About this Episode
Sunny Vanderbeck was growing Data Return 40% every quarter when he took the company public in 1999 on the way to a market capitalization of more than $3 billion. Until the bubble burst.
Back in 1996, Sunny Vanderbeck started Data Return, a business that provided website hosting to big e-commerce companies. They grew 40% every quarter leading to an Initial Public Offering (IPO) in 1999 and an eventual market capitalization of $3 billion.
Then the internet bubble burst.
Customers started failing and Data Return’s growth flat lined. Despite the effect the market crash had on Data Return’s business, computer giant Compaq still saw a lot of value in the company and readied an acquisition offer of around $1 billion.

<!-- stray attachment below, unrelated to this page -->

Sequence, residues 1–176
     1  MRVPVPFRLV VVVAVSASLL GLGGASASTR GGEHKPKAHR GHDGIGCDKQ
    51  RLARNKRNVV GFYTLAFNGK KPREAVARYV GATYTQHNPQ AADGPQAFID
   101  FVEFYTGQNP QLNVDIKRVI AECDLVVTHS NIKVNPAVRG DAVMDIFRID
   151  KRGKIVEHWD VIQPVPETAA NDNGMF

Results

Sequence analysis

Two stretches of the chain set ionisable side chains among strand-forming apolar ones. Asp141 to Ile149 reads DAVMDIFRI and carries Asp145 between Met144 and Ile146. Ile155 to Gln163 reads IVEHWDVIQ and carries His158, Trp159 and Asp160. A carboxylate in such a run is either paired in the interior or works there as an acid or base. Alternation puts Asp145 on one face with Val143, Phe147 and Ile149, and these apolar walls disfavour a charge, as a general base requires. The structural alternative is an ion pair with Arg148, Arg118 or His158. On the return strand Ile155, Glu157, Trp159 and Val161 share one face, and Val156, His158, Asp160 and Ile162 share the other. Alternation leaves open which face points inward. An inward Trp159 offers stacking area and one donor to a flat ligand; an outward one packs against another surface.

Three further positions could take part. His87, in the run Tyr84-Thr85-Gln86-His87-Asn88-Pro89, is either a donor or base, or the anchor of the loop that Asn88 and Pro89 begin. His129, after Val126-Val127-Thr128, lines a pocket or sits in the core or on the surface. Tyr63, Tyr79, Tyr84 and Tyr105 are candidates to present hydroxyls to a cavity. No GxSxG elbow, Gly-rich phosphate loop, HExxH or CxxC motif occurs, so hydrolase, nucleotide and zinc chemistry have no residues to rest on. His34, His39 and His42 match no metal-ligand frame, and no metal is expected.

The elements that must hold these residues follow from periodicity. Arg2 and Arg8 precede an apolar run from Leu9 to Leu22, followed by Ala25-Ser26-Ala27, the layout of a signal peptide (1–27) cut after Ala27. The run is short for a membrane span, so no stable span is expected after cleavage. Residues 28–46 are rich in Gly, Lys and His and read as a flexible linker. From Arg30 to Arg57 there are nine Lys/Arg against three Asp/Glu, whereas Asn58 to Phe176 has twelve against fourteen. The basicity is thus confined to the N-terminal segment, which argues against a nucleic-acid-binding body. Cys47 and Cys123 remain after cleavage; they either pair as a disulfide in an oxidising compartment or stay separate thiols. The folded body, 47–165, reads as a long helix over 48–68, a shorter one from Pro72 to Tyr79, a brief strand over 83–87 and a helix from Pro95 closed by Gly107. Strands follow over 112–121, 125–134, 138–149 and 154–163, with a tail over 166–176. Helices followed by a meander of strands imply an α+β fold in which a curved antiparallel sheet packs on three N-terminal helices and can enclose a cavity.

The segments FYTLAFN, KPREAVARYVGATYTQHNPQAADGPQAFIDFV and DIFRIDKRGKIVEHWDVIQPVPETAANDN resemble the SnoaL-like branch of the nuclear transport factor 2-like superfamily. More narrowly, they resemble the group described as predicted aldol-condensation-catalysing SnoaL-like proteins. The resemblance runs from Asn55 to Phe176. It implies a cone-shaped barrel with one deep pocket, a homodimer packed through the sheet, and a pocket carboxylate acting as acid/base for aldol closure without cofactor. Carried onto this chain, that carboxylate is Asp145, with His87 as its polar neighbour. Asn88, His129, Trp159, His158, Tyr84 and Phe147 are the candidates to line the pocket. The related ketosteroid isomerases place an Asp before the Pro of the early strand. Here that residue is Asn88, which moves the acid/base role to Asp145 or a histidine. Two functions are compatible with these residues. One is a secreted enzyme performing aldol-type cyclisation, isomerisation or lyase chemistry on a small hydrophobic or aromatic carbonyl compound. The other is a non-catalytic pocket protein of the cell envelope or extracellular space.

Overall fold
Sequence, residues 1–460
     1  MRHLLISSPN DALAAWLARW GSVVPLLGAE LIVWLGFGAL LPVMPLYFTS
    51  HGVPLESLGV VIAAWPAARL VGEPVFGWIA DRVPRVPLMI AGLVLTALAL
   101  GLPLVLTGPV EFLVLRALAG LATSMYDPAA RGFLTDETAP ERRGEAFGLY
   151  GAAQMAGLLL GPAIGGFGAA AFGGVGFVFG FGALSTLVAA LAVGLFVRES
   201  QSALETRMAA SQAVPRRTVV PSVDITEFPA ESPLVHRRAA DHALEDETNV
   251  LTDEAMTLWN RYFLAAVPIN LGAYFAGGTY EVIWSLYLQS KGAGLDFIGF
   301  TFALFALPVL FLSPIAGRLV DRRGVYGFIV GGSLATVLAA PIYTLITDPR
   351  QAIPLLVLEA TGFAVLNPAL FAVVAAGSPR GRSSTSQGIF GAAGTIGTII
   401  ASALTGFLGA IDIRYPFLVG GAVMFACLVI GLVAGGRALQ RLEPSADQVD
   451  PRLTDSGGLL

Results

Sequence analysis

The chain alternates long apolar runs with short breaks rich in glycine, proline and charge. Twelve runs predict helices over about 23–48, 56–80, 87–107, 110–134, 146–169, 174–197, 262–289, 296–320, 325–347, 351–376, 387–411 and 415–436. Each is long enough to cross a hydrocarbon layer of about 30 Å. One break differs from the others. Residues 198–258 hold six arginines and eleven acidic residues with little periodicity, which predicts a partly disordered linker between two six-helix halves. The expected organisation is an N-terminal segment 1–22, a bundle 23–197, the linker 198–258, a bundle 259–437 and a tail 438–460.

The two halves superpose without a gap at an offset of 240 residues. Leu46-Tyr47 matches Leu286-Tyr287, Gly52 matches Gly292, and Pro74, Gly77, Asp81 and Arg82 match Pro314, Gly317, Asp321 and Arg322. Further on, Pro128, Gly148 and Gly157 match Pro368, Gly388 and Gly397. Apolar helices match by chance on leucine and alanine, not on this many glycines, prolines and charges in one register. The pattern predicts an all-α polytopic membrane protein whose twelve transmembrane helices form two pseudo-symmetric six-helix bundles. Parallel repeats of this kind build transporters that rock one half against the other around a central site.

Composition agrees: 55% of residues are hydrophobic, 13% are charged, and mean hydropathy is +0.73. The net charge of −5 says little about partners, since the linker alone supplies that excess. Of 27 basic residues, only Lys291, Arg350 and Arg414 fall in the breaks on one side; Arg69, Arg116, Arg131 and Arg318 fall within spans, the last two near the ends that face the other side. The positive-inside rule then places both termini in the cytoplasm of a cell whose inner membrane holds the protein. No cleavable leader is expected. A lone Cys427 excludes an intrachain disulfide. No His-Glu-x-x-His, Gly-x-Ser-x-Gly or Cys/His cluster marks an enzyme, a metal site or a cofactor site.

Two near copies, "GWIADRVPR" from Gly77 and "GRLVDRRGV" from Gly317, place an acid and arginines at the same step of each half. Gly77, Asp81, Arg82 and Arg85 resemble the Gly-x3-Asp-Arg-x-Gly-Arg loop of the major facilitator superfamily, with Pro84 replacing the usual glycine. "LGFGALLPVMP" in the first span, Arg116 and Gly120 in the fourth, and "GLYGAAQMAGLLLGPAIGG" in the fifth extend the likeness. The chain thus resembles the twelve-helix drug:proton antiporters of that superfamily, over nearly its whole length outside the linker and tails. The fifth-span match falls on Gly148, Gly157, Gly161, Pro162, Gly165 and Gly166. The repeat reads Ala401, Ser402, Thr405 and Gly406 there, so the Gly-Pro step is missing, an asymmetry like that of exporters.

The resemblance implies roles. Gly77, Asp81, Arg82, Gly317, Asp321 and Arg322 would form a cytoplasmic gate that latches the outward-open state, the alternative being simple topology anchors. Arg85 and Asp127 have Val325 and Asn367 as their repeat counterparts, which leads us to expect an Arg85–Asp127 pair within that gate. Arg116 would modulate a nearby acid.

Closing day with Compaq came and went without a signed purchase agreement. Three days later, Compaq announced they had merged with HP. Compaq’s acquisition of Data Return was dead.
Data Return was burning cash and Vanderbeck figured they had six months to get a deal done before they could face mortal danger.
Find out what Vanderbeck did next to fall from running a $3 billion company to owning some shares in a bankrupt business – to ultimately ending his lengthy stint by selling Data Return to Terremark Worldwide for $70 million in cash and $15 million in Terremark stock.
Sunny’s story includes both the best and worst of selling companies, in this episode you’ll learn:
- The definition of reverse due diligence and how to do it on your acquirer
- 3 tips for ensuring you don’t end up regretting the decision to sell
- When to listen to your advisors (and when to tune in your gut instead)
- The definition of “fundamental reps” and how to react to an acquirer’s request for them
- The definition of “founder’s speak” and how to spot it
- How something known as “hero mode” can undermine your company’s value
Vanderbeck recommends you write down what’s important to you in a transaction (in addition to money) before you sell your business as the first step in a happy exit.